Tenneswim: Swimming the Tennessee River to Raise Water Quality Awareness

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The Tennessee River. Photo by Betsy Boden.

During the summer of 2014 Andreas Fath broke the world record for speed swimming the Rhine River from its source in the Swiss Alps to its confluence with the North Sea. This 28 day, 765-mile swim was more than an exceptional athletic achievement. Fath took daily water samples that provided an unprecedented look at the quality of water within this historic river.

Partnering with the University of the South, the Tennessee Aquarium , the University of Georgia River Basin Center, the Nature Conservancy, the Tennessee Valley Authority, and the Lyndhurst and Riverview Foundations of Chattanooga, this University of Furtwangen (Black Forest of Germany) Professor will now set his sights on the Tennessee River, which he plans to swim in its entirety in the Summer of 2017. The 652-mile long Tennessee stretches from Knoxville, Tennessee to Paducah, Kentucky where it joins the Ohio River. The first swim day will be July 27, 2017, starting at the Ijams Nature Center near Knoxville, Tennessee. This is the confluence of the French Broad and Holston Rivers, the official beginning of the Tennessee River. We anticipate that the swim will take about 30 days.

Fath’s endeavor will shed important light on the quality and health of the Tennessee River with the main goal of raising public awareness of water quality in the Tennessee River basin. An extensive team of researchers and students will accompany Fath, collecting daily water samples that will be analyzed for pharmaceuticals, pesticides, hormones, bacteria, and heavy metals – over 200 separate chemicals in all. Fath’s own pioneering technique will be used to detect micro-plastic particles suspended in water, to which numerous contaminants adhere. In preparation for micro-plastic sampling, Fath recently took a short raft trip down the Kinzig river by his home town in the German Black Forest. See the video below for that preparatory event:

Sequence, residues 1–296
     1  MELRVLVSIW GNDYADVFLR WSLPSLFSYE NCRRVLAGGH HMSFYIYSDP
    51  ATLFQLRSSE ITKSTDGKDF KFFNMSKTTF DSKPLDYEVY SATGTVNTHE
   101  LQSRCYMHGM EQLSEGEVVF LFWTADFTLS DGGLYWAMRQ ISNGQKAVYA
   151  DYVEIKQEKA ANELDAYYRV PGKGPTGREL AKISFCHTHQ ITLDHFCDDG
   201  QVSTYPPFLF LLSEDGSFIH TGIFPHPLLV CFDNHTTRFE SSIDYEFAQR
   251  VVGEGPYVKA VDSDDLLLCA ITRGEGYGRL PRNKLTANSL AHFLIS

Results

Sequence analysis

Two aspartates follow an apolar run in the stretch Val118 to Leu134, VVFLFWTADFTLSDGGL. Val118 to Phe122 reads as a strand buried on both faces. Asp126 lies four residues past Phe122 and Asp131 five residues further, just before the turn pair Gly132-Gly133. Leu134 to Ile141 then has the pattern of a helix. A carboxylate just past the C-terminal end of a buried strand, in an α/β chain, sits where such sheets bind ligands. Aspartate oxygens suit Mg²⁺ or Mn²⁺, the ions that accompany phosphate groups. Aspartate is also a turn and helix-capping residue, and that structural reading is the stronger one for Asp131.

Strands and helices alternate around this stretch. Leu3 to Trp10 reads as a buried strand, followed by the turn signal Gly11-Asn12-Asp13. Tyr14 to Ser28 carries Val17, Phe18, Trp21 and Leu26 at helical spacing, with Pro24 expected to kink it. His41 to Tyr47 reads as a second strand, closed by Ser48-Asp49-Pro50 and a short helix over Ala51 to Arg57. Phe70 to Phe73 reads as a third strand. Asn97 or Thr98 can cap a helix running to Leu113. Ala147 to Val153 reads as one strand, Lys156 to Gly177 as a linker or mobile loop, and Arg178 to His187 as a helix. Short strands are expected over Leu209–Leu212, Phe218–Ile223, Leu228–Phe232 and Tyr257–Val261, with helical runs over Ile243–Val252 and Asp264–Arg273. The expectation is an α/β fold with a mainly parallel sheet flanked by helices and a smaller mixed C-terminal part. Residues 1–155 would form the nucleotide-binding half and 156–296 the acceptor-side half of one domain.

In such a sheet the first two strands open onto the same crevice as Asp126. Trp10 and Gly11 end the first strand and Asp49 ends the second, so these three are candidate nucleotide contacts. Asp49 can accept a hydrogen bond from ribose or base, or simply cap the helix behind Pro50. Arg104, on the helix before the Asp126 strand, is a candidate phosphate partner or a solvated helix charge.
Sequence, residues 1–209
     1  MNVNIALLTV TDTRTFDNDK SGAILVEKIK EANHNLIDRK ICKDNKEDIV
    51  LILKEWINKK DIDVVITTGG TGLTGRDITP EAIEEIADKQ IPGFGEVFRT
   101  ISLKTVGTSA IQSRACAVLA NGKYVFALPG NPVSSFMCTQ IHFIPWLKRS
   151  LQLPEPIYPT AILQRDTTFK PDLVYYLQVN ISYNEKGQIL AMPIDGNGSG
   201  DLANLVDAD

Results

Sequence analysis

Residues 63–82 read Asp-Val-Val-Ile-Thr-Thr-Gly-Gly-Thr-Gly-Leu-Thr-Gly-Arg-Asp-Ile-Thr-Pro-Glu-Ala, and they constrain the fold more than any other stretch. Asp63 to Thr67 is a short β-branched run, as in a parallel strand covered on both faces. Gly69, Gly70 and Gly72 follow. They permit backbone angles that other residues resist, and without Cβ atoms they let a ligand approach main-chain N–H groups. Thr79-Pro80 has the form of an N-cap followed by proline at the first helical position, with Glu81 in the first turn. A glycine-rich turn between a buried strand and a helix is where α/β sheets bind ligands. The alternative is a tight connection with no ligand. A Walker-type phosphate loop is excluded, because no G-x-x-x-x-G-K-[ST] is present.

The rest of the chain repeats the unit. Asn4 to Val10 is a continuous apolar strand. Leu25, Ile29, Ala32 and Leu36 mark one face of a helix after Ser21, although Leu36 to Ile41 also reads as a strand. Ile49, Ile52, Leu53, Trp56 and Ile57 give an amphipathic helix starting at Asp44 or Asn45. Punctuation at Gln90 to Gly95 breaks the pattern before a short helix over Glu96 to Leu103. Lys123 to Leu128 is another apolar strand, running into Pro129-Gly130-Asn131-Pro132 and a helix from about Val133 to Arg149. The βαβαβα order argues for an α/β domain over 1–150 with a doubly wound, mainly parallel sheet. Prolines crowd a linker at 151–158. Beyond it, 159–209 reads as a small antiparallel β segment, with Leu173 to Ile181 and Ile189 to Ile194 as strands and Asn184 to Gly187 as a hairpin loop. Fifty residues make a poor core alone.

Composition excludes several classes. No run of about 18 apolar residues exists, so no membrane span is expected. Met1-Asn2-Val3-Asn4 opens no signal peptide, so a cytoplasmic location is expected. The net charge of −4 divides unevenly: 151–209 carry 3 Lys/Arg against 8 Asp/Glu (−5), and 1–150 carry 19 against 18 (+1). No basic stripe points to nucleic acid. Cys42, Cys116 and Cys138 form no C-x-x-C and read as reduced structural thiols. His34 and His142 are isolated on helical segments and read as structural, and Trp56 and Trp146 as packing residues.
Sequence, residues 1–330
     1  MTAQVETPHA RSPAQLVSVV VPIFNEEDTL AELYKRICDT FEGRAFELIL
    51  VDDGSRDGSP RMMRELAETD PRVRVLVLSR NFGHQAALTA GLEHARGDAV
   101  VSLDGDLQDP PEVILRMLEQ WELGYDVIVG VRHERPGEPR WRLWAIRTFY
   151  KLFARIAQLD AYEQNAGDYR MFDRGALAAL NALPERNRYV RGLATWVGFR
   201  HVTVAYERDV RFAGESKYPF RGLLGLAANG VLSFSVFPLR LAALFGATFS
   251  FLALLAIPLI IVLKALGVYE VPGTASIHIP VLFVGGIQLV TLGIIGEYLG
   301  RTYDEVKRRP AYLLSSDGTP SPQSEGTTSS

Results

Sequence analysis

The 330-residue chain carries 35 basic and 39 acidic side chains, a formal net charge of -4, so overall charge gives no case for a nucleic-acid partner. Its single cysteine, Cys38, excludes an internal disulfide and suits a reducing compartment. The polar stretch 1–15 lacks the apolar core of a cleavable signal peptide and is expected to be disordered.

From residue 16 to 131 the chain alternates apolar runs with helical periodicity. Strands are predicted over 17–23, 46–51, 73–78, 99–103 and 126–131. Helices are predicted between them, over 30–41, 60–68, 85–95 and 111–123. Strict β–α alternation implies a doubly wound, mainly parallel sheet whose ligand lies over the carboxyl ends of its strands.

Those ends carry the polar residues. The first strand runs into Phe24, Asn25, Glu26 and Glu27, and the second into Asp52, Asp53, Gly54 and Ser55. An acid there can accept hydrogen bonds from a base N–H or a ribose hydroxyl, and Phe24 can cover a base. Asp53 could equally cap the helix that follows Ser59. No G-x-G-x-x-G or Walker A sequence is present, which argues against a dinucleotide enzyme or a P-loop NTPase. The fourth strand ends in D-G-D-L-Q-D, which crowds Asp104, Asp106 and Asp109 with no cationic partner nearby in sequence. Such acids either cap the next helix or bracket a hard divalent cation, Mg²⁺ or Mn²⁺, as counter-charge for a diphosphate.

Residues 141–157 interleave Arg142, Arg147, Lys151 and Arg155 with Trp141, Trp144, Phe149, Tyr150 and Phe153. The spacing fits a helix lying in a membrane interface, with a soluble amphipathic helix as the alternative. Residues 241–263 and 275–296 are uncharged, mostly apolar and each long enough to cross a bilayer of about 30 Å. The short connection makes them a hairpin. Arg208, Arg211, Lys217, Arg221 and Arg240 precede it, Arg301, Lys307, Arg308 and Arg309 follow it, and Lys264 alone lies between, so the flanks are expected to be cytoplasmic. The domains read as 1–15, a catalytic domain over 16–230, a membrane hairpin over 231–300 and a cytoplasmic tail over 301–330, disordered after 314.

Additionally, special instrumentation will be attached to the swimmer to permit the location of river sturgeon that were released recently by the Tennessee Aquarium. Fish and other aquatic life will be collected to gauge their health as well. Researchers from multiple institutions will collaborate on the most extensive, interdisciplinary water quality survey to have ever taken place on this river. Graduate and undergraduate students will participate in data collection and analysis, as well as in the organization of this complex endeavor.

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One of dozens of newspaper clippings from Germany showing Fath’s wetsuit used in the Rhine Swim on display in the Stuttgart Museum of Natural History and stating his intention to swim the Tennessee River.

The public will be able to track Fath’s daily progress via a website that will include analytical results.

In preparation for this historic event, Fath recently visited several sites on the Tennessee River and participated in a 10-mile swim race through the Tennessee River gorge outside of Chattanooga.

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Fath swimming the 10 mile Swim the Suck race on the Tennessee River in 2015. He finished second overall with a time of three hours and one minute.

 

For more information and to track the swimmer’s daily progress, visit our website at http://www.tenneswim.org and our Facebook site https://www.facebook.com/TenneSwim/.

To help support this important endeavor, please consider giving at the following Tenneswim crowdfunding site:

https://www.gofundme.com/swimming-the-tn-river-for-science

 

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